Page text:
Australia offered a number of training options after pitch snub '“ Townsend

Scotland head coach Gregor Townsend has no sympathy for Australian complaints about being refused access to their chosen training pitch due to bad weather ahead of this Saturday's Test match between the nations at BT Murrayfield.

Thursday, 23rd November 2017, 5:30 am
Updated Tuesday, 12th December 2017, 10:06 am
The Australia players were told not to train on their chosen pitch at Peffermill

Australian media reported that the Wallabies were “seething” after being told they couldn’t use a grass pitch at Peffermill on Tuesday to protect it for an Edinburgh University v Durham University fixture scheduled for yesterday. To add insult to injury for the Aussies, that game went ahead on a 3G pitch due to more bad weather in the Capital.

It was reported that Australia coach Michael Cheika and his squad were given 90 minutes notice that they would not be given access to the pitch.

The Wallabies began training in leave-covered areas off the pitch as calls were made for an alternative venue to be found before finally completing their drills on an artificial surface.

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The Australian media reported that an offer from the SRU to use facilities at BT Murrayfield was rejected for fears that their training could be ‘spied on’.

After announcing four changes to his starting line-up for the final autumn Test, Townsend was asked if he could feel any sympathy for the opposition’s plight. “Yes, if that was their only option to train. They had a number of other options I believe,” was his response.

“BT Murrayfield was one of them because I got a call yesterday morning asking if I had any objections. If they could not train because pitches were waterlogged then that was one option. We made a couple of 3G pitches available too so there were options.” Asked if he would have been comfortable using the opposition’s home stadium if the roles had been reversed, Townsend said: “Yes, I would have wanted to train.”

Scotland are based at the state-of-the-art indoor Oriam facility at Heriot-Watt University and Townsend said: “You want to train well. You’ve got to factor in weather. We’ve not trained outside this week, we’ve trained indoors, two sessions. Some coaches don’t like training indoors or on artificial surfaces. We feel we’ve had a really good training session this week. The players have enjoyed being indoors.”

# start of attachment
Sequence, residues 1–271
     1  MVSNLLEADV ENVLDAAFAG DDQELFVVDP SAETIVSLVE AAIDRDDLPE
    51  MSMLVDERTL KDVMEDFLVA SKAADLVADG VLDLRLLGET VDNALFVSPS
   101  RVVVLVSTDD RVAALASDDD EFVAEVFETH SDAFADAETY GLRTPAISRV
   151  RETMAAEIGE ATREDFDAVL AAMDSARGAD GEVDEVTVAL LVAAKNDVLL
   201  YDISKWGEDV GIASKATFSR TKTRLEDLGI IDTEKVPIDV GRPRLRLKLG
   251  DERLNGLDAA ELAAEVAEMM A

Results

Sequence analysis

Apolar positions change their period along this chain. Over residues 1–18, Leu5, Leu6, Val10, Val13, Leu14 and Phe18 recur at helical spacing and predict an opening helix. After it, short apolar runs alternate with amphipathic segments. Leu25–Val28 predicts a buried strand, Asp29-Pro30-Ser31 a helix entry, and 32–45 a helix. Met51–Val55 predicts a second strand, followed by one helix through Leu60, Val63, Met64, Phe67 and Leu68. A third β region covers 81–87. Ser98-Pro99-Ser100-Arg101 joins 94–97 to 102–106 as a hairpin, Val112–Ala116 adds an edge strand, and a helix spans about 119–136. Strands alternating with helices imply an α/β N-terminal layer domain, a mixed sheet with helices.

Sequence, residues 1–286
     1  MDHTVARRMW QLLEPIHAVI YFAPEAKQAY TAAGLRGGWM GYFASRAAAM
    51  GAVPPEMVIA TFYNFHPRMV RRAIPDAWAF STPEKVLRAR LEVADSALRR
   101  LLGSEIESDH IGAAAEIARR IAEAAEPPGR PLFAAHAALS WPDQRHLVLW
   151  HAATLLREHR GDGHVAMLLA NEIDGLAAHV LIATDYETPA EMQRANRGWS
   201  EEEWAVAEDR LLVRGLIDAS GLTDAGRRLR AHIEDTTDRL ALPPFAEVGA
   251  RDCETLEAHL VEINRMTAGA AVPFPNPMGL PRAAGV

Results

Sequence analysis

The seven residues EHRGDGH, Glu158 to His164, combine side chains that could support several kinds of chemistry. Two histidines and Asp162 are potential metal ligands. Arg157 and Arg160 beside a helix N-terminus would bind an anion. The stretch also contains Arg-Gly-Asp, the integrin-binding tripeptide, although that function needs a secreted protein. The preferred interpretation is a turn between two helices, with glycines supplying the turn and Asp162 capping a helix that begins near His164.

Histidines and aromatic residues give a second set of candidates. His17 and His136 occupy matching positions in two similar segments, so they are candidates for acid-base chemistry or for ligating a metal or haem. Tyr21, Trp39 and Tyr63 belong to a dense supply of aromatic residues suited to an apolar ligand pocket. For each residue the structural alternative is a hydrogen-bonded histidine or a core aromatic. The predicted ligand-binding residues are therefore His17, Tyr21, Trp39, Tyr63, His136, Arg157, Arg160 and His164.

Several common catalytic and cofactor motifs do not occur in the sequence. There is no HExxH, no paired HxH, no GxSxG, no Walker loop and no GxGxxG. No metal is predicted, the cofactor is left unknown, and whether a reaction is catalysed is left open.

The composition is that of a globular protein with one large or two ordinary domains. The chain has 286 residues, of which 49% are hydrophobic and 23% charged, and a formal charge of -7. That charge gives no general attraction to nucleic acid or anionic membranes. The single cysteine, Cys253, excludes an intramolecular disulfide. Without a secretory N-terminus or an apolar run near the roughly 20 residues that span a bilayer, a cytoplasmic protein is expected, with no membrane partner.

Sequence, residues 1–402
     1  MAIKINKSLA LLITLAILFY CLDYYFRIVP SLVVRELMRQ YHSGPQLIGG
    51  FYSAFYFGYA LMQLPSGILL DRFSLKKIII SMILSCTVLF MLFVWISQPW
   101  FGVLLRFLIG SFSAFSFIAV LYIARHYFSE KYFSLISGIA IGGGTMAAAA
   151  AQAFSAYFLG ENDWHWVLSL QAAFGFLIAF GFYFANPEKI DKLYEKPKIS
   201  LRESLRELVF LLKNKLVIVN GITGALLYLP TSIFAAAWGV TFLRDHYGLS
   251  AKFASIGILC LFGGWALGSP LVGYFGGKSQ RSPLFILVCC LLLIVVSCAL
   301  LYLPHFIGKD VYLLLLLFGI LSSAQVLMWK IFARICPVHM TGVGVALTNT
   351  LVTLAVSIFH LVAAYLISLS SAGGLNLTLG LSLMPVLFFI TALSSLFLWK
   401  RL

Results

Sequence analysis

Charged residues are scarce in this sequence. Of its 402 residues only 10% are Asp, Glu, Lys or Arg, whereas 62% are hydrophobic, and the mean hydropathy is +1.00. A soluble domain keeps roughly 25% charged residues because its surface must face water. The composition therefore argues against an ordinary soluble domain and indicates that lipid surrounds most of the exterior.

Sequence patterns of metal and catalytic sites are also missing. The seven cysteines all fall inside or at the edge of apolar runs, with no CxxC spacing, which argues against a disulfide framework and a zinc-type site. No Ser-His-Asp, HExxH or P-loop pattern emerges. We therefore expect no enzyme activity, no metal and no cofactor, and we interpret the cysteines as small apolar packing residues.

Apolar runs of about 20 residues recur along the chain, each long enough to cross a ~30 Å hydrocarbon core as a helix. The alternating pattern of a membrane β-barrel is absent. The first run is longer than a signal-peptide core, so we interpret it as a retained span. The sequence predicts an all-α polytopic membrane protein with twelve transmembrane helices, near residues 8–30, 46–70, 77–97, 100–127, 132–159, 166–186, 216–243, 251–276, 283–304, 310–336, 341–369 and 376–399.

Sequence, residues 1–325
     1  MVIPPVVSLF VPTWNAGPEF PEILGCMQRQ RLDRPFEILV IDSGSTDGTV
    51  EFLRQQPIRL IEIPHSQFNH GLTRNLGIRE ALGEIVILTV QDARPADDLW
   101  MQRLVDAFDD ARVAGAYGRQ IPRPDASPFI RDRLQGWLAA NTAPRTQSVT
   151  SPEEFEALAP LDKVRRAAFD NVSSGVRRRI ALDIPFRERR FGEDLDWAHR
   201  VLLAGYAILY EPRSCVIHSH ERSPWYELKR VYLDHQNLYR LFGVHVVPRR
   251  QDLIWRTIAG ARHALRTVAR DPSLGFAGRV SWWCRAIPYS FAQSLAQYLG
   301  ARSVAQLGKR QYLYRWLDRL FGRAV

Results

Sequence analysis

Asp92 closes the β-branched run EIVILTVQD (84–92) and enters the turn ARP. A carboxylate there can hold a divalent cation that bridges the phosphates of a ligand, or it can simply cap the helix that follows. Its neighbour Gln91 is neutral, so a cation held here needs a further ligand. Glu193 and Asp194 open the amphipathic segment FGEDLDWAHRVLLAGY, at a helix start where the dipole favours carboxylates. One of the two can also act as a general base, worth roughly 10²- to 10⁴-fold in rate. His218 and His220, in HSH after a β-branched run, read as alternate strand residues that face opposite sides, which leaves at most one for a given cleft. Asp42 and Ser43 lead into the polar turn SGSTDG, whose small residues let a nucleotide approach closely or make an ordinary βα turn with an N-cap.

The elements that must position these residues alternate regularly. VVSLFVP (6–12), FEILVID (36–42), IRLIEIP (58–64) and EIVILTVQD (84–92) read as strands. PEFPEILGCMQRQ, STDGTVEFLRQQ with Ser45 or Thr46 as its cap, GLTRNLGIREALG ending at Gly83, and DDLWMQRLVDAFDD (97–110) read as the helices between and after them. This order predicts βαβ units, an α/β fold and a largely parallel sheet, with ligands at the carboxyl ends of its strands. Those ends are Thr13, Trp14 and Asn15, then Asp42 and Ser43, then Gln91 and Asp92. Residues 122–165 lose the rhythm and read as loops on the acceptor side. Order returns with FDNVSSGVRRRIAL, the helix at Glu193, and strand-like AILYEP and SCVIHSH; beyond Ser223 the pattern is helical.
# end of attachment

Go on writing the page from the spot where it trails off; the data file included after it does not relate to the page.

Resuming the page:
Following last weekend’s near miss against the All Blacks, Townsend has put wing Sean Maitland straight back into his team after he came through a game for Saracens last Friday on his comeback from an ankle injury.

Ryan Wilson returns at No.8 from the shoulder knock he sustained against Samoa, with Cornell du Preez on the bench, while Grant Gilchrist starts at lock ahead of Ben Toolis and tighthead Simon Berghan is given the nod for his first start.

Zander Fagerson is on the bench as he, along with centre Alex Dunbar, continue concussion protocols before getting final clearance to play.

The Edinburgh duo of flanker Hamish Watson and loosehead prop Darryl Marfo have recovered from the niggles they picked up in the epic 22-17 loss to New Zealand but back-rower Luke Hamilton, who made his debut off the bench last weekend, has not made it due to an ankle problem.

Glasgow hooker Fraser Brown, who joined the squad after a speedy recovery from a knee injury, goes straight on to the bench. Townsend has once again opted for units who are familiar with each other from their clubs. He said: “Simon Berghan starts alongside the two Edinburgh front-rows, and Zander (Fagerson) is on the bench alongside two Glasgow front-rows. That will help from a scrummaging point of view.

“Grant Gilchrist – we feel his form merits a start. He has been playing really well for Edinburgh, defensively he has been outstanding this season and he did very well when he came on last week. So, we were pleased with how the second-rows played last week but we felt Grant deserves that start.”